Students dress up to fight against human trafficking through Dressember

Students+dress+up+to+fight+against+human+trafficking+through+Dressember

Last year, junior Sophia Norton participated in the worldwide challenge “Dressember” alone, wearing a dress every day in December as a way raise awareness and money to fight human trafficking. This year, she has formed a team, Decatur’s Dressy Dogs, with fellow juniors, Halley Laney, Mary Katherine Moore, Fiona Mcelroy, Elena Pawloski and Saja Mohammed, raising $1,938.35 as of Dec. 20. 

“It’s kind of gratifying that people care because in high school sometimes I can get stuck in a little bubble and not realize that there’s a bigger picture thing out there in the world,” Norton said.

Through Dressember, advocates create fundraising pages for themselves with a personal goal and their motivation for participating. Advocates then send links of their personal page or team’s page to others and can receive tax-deductible donations.

According to Norton, the Dressember foundation allocates the all of the money raised by advocates to partner organizations, whether that’s legal help for survivors, care packages, medical care or therapy. 

Norton became aware of Dressember by stumbling across an advertisement about the founder, Blythe Hill, on instagram. 

As a nonprofit, Dressember donates exactly the money advocates raise directly to partner organizations to address and lessen human trafficking. Dressember’s employees are not payed through donations, but instead by a line of clothing displayed on the website, Norton said.

“When I first stumbled across it I really liked how it was a small change, but it could potentially do a lot just by wearing a dress and telling people about the dangers of human trafficking, and I could raise a lot of money for it to be donated to organizations that help victims,” Norton said.

Atlanta is a known for it’s high human trafficking rates, also motivating Norton to participate in the challenge.

“Atlanta is not the safest place and so I want to be trying in some way to contribute to make it safer especially because most of the victims of human trafficking are women and girls,” Norton said.

Initially, Norton’s family was unsure of her participating in the challenge. 

“At first my family was like ‘what are you doing?’ and ‘please dont wear dresses for a month because you’re going to freeze and it’s going to be terrible’… After a while they saw that I really wanted to do and were like this is kind of cool,” Norton said. “But they didn’t really take it seriously until I showed them that Dressember is an actual foundation, ‘there are this many people that follow them on Instagram, it’s not a hoax.’ “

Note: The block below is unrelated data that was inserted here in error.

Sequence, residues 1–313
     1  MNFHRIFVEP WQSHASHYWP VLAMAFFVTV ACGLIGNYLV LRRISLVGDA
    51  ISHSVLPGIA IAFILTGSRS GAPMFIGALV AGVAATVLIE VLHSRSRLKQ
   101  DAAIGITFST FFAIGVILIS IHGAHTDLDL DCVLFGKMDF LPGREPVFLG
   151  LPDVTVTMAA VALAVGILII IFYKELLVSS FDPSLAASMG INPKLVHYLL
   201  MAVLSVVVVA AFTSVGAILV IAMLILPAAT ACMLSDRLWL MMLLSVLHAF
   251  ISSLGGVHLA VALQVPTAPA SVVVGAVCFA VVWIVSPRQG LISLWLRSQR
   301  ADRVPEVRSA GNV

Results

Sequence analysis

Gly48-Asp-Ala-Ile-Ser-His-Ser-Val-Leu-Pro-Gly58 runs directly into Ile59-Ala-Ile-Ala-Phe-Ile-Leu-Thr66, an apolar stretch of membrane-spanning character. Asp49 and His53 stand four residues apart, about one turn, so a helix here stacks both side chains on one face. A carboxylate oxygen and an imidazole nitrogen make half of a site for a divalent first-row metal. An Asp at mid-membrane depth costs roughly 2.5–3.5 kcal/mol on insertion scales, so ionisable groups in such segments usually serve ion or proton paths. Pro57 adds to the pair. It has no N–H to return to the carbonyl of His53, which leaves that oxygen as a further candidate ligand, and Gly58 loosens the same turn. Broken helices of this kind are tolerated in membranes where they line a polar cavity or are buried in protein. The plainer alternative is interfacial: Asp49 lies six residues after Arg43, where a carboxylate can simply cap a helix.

This year, junior Halley Laney reached out to Norton about compiling a team to participate in Dressember, which Norton immediately jumped at the opportunity. 

“I reached out to Sophia because I saw her doing it last year on social media and I thought it was super cool how she was working to change a problem in our society by wearing a dress every day, not a simple easy commitment. It showed that she really cared about the issue and wanted to help make a change,” Laney said. “I really wanted to be a part of something like that.”

An integral part of Dressember is ethical fashion, since a portion of human trafficking is centered around the fashion industry, according to the Dressember website. 

“We were thinking [that] this year we don’t want to buy new dresses. We knew we were going to trade and share dresses with each other, and [we thought] ‘what if we went thrift shopping,’ so we went as a team to go get dresses which was really fun,” Norton said.

Along with learning to collaborate with others on “something that is a bigger picture thing than high school,” Norton appreciates how consistency with the movement leads to reflection. 

“If for a month you’re thinking about human trafficking and the dangers and the enormity of the problem, I feel like it creates a pattern for me to think about how there’s more to a situation than you see,” Norton said. “And there is an impact from the money, it doesn’t take a lot to do something to change someone’s life.”

Since Dressember is based in California, Norton wishes she lived there to participate in events held nearby, such as a Dressember prom and Dressember 5k, where people run in a dress or a tie. 

To raise awareness of Dressember in Decatur and the issue it seeks to tackle, Norton challenged her followers via Instagram to wear a dress or a tie on one day only, Dec. 20. She aims for the wider Decatur community to participate. 

Together, Norton and Laney made stickers and QR codes for their team to share with teachers to display Dec. 20. Their goal is to “make people think more about human trafficking and make it less of a taboo subject,”  which Laney says they are well on the path to reaching. 

 

*disclosure: after hearing about Dressember, the author thought it was a wonderful idea and decided to participate.